The above results of the population projections are based on the fairly reasonable view that fertility will continue to remain at the 1.31-level in the future. However, there is a possibility that the comprehensive package of pronatalist incentives introduced so far might be somewhat more effective as to move fertility up to the higher level of 1.51. As can be observed from the results of the High Projection, the resident population can now be expected to grow more rapidly from 3,771,721 in 2010 to the higher peak of 3,866,118 fifteen years later in 2025. Thereafter, the negative growth will trigger the shrinking of the resident population, but at a slower pace to reach the higher figure of 3,300,870 in 2050. During the uptrend, the amount of increase for every five-year period will become progressively smaller, being reduced from 53,388 during 2010–2015 to 6,081 during 2020–2025. The implied annual growth rate will slacken from 0.2 per cent to 0.0 per cent. A completely different picture will emerge during the downturn when the amount of decrease will worsen from 35,790 during 2025–2030 to 160,967 during 2045–2050. The negative annual growth rate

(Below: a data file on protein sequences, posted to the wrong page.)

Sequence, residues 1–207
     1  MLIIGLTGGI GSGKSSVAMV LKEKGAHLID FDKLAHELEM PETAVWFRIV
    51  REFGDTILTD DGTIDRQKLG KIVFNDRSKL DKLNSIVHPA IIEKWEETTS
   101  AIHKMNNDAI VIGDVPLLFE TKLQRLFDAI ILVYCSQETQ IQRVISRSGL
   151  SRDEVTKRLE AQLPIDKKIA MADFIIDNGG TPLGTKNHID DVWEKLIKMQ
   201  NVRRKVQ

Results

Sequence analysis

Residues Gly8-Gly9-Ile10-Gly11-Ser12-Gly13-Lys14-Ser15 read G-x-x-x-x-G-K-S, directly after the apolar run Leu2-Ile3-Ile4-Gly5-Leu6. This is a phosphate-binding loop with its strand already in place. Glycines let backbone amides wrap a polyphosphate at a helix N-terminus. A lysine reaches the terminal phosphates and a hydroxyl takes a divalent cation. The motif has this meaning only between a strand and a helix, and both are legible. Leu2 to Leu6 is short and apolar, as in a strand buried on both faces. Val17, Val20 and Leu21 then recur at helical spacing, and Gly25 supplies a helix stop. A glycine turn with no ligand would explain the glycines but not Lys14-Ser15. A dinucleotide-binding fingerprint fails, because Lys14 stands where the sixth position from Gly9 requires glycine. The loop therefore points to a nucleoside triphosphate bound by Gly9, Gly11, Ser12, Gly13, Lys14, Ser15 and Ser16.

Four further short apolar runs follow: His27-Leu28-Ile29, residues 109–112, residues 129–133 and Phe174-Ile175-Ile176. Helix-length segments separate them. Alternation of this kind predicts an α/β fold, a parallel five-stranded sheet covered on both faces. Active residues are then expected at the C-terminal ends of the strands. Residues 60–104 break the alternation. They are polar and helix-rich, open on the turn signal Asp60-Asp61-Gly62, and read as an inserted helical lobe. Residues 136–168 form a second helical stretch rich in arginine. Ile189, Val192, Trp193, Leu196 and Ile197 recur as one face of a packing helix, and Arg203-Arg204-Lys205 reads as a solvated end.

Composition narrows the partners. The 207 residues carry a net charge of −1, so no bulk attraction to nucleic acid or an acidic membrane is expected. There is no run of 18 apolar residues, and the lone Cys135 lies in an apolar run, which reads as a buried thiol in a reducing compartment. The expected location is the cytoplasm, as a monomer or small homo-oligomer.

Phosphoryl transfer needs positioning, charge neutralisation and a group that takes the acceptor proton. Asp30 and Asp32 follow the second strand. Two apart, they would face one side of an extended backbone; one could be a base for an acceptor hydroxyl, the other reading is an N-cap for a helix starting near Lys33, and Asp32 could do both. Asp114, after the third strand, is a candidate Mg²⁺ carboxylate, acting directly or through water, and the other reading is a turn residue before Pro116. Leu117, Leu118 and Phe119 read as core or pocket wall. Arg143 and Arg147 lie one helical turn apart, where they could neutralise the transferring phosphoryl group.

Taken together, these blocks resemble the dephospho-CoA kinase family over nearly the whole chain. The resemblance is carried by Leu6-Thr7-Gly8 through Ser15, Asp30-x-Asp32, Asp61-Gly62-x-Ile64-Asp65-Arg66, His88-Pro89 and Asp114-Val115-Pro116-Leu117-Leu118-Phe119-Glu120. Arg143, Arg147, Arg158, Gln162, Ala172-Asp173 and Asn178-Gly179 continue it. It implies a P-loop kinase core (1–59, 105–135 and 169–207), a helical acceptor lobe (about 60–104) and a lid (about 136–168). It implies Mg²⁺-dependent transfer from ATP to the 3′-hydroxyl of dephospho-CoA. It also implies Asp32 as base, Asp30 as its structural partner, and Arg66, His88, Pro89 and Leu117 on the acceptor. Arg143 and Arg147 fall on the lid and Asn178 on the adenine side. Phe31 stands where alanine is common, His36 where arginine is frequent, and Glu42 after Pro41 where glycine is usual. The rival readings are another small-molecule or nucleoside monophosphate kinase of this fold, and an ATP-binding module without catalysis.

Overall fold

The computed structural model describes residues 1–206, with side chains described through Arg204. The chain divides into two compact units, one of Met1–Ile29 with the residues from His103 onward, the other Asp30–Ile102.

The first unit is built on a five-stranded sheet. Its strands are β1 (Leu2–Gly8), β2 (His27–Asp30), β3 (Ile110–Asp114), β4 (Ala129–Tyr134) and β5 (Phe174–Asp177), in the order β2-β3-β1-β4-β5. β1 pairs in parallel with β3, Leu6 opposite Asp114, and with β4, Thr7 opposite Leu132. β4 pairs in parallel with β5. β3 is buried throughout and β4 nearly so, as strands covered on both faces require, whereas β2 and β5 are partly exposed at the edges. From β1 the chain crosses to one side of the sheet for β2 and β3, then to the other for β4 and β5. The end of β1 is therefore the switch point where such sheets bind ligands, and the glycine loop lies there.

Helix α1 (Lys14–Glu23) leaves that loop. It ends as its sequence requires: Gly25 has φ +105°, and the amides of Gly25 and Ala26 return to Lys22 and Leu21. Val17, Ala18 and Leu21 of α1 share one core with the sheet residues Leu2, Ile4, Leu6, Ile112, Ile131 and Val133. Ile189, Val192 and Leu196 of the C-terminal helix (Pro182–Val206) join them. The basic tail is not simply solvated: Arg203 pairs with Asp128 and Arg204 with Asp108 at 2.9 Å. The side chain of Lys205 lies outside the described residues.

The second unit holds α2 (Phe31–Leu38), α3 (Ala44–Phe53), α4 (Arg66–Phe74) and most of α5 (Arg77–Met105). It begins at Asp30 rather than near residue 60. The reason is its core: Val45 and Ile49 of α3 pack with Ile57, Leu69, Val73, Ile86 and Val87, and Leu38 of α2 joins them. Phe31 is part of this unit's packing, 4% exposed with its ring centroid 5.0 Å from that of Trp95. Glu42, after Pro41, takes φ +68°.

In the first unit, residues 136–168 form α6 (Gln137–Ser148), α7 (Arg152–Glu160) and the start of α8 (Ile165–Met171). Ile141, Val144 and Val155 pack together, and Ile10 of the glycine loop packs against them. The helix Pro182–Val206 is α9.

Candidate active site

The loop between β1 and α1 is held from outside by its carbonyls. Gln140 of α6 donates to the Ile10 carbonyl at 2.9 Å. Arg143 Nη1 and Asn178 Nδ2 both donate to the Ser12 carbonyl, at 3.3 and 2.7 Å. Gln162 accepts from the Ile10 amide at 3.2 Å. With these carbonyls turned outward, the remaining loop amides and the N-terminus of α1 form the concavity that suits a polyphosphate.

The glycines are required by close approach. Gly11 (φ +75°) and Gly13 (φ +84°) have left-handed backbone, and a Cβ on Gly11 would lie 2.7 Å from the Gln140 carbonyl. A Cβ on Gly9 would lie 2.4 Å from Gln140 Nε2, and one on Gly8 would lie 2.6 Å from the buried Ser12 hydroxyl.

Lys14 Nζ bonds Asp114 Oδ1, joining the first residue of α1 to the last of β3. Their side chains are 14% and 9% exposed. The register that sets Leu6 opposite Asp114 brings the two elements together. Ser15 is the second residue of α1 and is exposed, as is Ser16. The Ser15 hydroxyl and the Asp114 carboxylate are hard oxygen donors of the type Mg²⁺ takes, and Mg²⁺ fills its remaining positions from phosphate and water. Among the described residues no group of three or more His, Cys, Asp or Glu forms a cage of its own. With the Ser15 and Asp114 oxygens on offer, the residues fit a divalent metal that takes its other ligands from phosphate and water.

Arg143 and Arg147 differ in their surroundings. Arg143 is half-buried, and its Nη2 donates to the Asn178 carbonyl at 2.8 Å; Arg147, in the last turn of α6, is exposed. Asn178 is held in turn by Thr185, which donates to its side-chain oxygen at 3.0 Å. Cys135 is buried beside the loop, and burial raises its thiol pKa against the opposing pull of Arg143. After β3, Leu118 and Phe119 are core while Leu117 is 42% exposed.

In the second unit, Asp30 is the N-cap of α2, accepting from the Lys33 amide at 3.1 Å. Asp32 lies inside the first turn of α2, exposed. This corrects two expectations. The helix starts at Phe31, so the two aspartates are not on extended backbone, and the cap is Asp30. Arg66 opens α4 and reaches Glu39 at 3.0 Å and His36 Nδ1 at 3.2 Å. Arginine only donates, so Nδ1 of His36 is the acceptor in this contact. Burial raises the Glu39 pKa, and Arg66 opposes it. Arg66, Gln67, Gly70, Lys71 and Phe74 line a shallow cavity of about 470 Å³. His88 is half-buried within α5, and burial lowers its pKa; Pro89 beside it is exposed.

Figure 13.1

Actual and Projected Resident Population, 1990–2050 Million 4.0 3.9 3.8

Million 4.0 ACTUAL

3.8

High

3.7

3.7

3.6

3.6

3.5

3.5

3.4 3.3

Low

3.2

Medium

3.4 3.3 3.2

3.1

3.1

3.0

3.0

2.9

2.9

2.8

2.8

2.7

2.7

2.6

2.6

2.5

2.5

2.4

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3.9

PROJECTED

1990 1995

2000

2005 2010

2015

2020 2025

2030

2035

2040 2045

2050

2.4